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Figure 5. Detail of the acquisition process in one sector, Mj, K different lens τ are applied. After delaying and summing, K signals ( S i = 0 , 1 , , K 1 ; j ) are obtained, each one linked to one of the K sequences emitted. Finally, the correlation process is carried out to recover the information.
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Figure 6. Cross-correlation (CC) function between two pairs of Kasami sequences, (Si, Si+n) and (Si, Si+m), BPSK modulated with a single carrier period per bit.

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Figure 6. Cross-correlation (CC) function between two pairs of Kasami sequences, (Si, Si+n) and (Si, Si+m), BPSK modulated with a single carrier period per bit.
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Figure 7. Images obtained with the PA and the proposed ePA techniques. A punctual reflector is located at r = 216 mm and θ = 0°. An array with N = 96 elements and a Kasami sequences of L = 63 bits are considered in ePA images.

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Figure 7. Images obtained with the PA and the proposed ePA techniques. A punctual reflector is located at r = 216 mm and θ = 0°. An array with N = 96 elements and a Kasami sequences of L = 63 bits are considered in ePA images.
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Table 1. The percentage of the near field region, Z, occupied by the blind zone, ZB. Kasami sequences with different lengths, L, are considered for an emission frequency fc = 3 MHz, a propagation speed of c = 1500 m/s and different array sizes, N. The sequences are BPSK modulated by using a single carrier period per bit, Nc = 1.

Click here to display table

Table 1. The percentage of the near field region, Z, occupied by the blind zone, ZB. Kasami sequences with different lengths, L, are considered for an emission frequency fc = 3 MHz, a propagation speed of c = 1500 m/s and different array sizes, N. The sequences are BPSK modulated by using a single carrier period per bit, Nc = 1.
L = 63L = 255L = 1023

K = 8K = 16K = 32
NZ(cm)ZB/Z(%)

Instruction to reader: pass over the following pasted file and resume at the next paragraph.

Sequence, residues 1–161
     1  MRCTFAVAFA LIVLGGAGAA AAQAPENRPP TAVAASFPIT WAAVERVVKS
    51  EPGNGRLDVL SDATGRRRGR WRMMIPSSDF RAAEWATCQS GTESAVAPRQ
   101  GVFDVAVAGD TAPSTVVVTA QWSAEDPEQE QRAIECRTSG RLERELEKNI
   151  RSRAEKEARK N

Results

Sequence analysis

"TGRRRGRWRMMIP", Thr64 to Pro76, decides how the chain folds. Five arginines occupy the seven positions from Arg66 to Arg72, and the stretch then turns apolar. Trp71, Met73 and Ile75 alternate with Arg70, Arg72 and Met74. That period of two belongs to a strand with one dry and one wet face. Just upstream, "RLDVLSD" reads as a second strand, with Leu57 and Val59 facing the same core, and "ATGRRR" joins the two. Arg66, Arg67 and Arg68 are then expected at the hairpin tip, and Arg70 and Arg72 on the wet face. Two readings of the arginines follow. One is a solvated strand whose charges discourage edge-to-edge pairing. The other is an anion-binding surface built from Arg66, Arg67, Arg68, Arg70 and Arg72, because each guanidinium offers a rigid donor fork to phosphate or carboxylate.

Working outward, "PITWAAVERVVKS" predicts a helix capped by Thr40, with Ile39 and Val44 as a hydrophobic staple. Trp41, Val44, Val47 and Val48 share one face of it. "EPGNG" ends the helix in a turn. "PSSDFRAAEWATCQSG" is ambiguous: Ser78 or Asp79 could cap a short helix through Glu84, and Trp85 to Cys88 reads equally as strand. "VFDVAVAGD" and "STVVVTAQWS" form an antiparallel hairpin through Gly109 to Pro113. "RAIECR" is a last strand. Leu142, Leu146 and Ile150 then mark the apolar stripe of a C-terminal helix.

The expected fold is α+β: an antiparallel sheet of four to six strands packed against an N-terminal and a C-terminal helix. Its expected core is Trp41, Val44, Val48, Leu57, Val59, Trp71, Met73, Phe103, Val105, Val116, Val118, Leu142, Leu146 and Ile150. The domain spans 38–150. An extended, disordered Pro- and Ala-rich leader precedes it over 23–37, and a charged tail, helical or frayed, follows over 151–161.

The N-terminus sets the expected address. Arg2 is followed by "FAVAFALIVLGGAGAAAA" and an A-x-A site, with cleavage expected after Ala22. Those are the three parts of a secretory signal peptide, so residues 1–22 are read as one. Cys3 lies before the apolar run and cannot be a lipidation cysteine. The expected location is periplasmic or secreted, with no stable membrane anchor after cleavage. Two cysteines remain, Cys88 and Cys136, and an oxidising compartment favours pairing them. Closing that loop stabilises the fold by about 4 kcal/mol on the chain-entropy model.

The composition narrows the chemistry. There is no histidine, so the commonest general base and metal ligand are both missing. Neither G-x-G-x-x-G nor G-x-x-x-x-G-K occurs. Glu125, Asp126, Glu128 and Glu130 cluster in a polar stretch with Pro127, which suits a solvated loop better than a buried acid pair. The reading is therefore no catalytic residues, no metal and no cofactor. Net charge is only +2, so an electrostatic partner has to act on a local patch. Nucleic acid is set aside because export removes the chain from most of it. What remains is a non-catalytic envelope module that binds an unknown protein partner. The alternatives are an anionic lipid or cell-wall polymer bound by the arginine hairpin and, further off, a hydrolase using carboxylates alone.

323.250>100>100
6412.81250>100
9628.852288
12851.231250
Table 2. Lateral resolution obtained with PA and ePAsec for arrays with 64 and 96 elements, in order to achieve lateral dynamic range (LDR) values of − 6 dB, −12 dB and − 20 dB.

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Table 2. Lateral resolution obtained with PA and ePAsec for arrays with 64 and 96 elements, in order to achieve lateral dynamic range (LDR) values of − 6 dB, −12 dB and − 20 dB.
RL(°)
LDR−6 dB−12 dB−20 dB
PAN = 642.353.175.14
N = 961.562.113.60
ePAsecN = 642.724.16.2
N = 961.852.54
Table 3. Axial dynamic range (ADR) values obtained with PA and ePAsec for array sizes of N = 64 and N = 96 elements and different axial distances between reflectors (Δr). Axial distances are expressed as a wavelength of the signal emitted.

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Table 3. Axial dynamic range (ADR) values obtained with PA and ePAsec for array sizes of N = 64 and N = 96 elements and different axial distances between reflectors (Δr). Axial distances are expressed as a wavelength of the signal emitted.
ADR(dB)
Δr2·λ3·λ10·λ
PAN = 64−24.51−61.85−84.78
N = 96−24.59−62.02−84.86
ePAsecN = 64−17.34−18.53−20.07
N = 96−21.49−17.49−25.98
Table 4. Contrast resolution, Q, obtained with the ePAsec and the ePAmerge techniques, by scanning a sector β = 60° with arrays with 64 and 96 elements. In all the cases, the PA image is used as a reference.

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Table 4. Contrast resolution, Q, obtained with the ePAsec and the ePAmerge techniques, by scanning a sector β = 60° with arrays with 64 and 96 elements. In all the cases, the PA image is used as a reference.
N6496

Nl64104
Q (dB)ePAsec5.116.08

ePAmerge1.181.53
Table 5. Acquisition time for an angular sector β = 90° and a maximum range depth Rmax = 20 cm, obtained with the PA and the ePA for array sizes of N = 64 and N = 96 elements.

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Table 5. Acquisition time for an angular sector β = 90° and a maximum range depth Rmax = 20 cm, obtained with the PA and the ePA for array sizes of N = 64 and N = 96 elements.
N6496

N1100150
Acquisition rate (Imag./Sec)PA3725

ePAsec34763476

ePAmerge434434